A very interesting gaming service called OnLive was introduced at the Game Developers Conference in San Francisco last night. OnLive consists of a small browser plug-in that lets you play games online, with all the heavy lifting done by OnLive’s servers – effectively meaning that if the service can live up to its promises, you’d have yourself a gaming platform that never gets obsolete and can be played on lower-end hardware.
These aren’t your simple browser-based games, either. These are full-fledged titles from the likes of EA, Take-Two, Ubisoft, Eidos, and more. Some of the games demoed were Crysis, Burnout Paradise, and Grand Theft Auto IV.
Clearly we can identify the one overriding limitation of such a service already: bandwidth. Apparently OnLive has built some crazy video compression algorithms and is able to push out 60 frames per second in standard definition over a 1.5mbps connection and 720p over a 5mbps connection. There’s apparently an unnoticeable one millisecond of lag time between what you see and what happens on the server.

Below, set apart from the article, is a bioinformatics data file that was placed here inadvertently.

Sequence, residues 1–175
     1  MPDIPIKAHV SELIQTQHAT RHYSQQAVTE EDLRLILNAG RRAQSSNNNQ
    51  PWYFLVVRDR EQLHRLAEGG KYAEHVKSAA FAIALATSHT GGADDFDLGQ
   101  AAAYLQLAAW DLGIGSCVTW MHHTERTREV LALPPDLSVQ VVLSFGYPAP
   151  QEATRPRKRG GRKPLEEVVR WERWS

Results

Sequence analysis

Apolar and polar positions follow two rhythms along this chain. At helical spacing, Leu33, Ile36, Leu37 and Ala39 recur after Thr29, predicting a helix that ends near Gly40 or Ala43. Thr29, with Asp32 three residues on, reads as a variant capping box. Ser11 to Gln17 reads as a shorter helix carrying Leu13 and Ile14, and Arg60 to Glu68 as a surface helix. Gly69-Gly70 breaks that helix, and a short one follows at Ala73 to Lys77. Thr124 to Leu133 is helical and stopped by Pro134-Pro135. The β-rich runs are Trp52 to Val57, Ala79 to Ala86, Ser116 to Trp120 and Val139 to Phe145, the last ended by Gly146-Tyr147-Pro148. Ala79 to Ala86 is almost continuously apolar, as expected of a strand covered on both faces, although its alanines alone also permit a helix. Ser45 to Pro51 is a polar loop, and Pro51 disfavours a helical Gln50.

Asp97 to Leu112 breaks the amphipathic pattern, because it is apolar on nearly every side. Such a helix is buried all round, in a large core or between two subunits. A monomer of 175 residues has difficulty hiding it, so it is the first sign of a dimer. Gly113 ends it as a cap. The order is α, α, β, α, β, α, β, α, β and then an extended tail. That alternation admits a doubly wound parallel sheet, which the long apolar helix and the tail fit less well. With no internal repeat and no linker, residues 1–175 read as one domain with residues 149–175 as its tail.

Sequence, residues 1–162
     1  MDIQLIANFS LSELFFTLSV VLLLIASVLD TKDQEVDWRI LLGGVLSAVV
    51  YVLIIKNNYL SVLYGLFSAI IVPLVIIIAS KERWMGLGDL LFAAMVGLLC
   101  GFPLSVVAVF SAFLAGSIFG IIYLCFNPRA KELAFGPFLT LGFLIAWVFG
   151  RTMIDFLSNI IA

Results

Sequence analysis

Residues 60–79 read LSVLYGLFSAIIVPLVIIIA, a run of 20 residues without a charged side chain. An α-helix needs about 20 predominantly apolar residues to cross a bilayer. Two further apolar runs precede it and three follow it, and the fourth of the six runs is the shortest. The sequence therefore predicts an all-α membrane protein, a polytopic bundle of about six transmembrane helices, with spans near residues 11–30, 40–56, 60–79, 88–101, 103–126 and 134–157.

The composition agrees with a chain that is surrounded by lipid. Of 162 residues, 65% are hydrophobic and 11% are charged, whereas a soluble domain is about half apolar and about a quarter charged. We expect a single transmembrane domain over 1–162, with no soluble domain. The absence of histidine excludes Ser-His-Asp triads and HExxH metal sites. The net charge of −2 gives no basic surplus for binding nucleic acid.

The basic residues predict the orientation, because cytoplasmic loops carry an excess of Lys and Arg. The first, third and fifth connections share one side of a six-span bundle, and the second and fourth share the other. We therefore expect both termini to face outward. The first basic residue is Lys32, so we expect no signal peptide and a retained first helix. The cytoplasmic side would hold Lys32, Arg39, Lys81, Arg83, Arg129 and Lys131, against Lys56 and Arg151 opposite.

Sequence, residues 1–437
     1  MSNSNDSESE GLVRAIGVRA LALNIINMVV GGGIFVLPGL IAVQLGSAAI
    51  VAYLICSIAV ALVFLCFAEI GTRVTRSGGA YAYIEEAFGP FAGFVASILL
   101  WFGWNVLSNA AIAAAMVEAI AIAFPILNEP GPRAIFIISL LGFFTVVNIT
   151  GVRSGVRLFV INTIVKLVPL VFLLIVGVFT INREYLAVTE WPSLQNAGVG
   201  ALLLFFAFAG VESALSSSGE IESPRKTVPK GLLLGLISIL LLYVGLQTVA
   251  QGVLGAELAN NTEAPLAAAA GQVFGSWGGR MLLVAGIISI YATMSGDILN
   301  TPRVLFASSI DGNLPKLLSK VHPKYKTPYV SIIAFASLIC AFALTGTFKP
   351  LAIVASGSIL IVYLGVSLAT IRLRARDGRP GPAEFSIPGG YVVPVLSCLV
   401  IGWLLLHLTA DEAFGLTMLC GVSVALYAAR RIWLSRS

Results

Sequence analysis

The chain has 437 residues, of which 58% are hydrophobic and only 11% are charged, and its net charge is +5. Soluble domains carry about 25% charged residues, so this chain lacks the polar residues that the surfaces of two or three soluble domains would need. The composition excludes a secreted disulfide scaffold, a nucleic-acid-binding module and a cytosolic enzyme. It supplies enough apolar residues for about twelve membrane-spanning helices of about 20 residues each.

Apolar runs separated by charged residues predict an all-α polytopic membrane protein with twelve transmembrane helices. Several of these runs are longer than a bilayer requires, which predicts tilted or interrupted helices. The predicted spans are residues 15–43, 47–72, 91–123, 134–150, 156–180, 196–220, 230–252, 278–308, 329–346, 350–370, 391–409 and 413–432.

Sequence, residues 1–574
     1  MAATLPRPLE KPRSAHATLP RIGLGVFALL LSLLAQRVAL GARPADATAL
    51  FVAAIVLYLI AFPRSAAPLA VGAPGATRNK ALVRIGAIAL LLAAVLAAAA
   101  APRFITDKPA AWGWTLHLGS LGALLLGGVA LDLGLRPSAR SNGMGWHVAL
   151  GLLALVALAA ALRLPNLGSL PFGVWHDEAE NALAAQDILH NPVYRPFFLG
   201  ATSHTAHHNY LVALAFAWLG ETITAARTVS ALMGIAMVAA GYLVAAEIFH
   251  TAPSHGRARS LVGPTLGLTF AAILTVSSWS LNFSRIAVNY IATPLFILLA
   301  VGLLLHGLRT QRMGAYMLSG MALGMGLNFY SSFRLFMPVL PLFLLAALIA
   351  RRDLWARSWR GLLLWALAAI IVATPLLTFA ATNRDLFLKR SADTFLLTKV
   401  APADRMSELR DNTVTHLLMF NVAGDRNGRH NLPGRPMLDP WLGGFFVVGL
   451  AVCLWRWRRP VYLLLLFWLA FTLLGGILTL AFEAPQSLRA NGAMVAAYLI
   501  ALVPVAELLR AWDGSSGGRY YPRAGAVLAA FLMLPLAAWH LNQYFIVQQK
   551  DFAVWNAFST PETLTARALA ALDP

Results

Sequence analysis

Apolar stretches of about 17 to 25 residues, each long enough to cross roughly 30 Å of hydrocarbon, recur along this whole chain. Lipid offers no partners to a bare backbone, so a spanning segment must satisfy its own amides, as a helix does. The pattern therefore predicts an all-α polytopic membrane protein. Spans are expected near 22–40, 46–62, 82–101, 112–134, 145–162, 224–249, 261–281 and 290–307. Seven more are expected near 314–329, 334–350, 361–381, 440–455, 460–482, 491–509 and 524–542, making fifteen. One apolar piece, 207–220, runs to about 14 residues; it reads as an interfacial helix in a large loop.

If you don’t want to be tied to your computer to play games, OnLive will be offering a router-sized hardware device called the MicroConsole which has USB inputs and HDMI output. It appears that the device will either act like a thin client between your computer and internet connection or have a simple web browser built into it and be able to function on its own.
Since everything’s being played live in real time, you’ll be able to do a bunch of social networking stuff and you can even watch other people playing games if you’re not sure whether or not you want to join a multiplayer game in progress. There’s also a feature called Brag Clips, which lets you save ten-second clips of various in-game accomplishments to share.
OnLive will apparently be a subscription type service, although pricing hasn’t yet been revealed. You’ll be able to play games for a certain amount of time or buy them outright for unlimited plays. Perhaps one of the best features of OnLive is that there aren’t any loading or install times and you can theoretically play high-end games on relatively dumpy computers.
The service is in closed beta right now and will be in an invitational beta over the summer with a planned public release in the winter.